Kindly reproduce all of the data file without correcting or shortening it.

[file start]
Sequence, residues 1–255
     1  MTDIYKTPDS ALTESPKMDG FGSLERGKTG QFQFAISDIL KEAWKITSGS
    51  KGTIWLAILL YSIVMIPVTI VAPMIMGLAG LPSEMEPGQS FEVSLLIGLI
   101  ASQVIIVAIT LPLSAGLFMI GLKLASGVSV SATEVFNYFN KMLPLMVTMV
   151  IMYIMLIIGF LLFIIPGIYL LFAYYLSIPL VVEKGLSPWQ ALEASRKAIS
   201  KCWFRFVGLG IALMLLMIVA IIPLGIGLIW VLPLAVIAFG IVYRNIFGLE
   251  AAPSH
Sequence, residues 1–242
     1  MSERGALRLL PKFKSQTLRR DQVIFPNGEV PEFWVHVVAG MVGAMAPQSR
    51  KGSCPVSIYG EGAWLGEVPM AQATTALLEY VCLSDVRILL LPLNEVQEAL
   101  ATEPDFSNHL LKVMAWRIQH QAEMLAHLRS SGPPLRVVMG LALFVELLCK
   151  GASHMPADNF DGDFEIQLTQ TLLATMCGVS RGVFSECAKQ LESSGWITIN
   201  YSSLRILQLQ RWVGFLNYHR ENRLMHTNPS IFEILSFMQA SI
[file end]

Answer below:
Sequence, residues 1–255
     1  MTDIYKTPDS ALTESPKMDG FGSLERGKTG QFQFAISDIL KEAWKITSGS
    51  KGTIWLAILL YSIVMIPVTI VAPMIMGLAG LPSEMEPGQS FEVSLLIGLI
   101  ASQVIIVAIT LPLSAGLFMI GLKLASGVSV SATEVFNYFN KMLPLMVTMV
   151  IMYIMLIIGF LLFIIPGIYL LFAYYLSIPL VVEKGLSPWQ ALEASRKAIS
   201  KCWFRFVGLG IALMLLMIVA IIPLGIGLIW VLPLAVIAFG IVYRNIFGLE
   251  AAPSH
Sequence, residues 1–242
     1  MSERGALRLL PKFKSQTLRR DQVIFPNGEV PEFWVHVVAG MVGAMAPQSR
    51  KGSCPVSIYG EGAWLGEVPM AQATTALLEY VCLSDVRILL LPLNEVQEAL
   101  ATEPDFSNHL LKVMAWRIQH QAEMLAHLRS SGPPLRVVMG LALFVELLCK
   151  GASHMPADNF DGDFEIQLTQ TLLATMCGVS RGVFSECAKQ LESSGWITIN
   201  YSSLRILQLQ RWVGFLNYHR ENRLMHTNPS IFEILSFMQA SI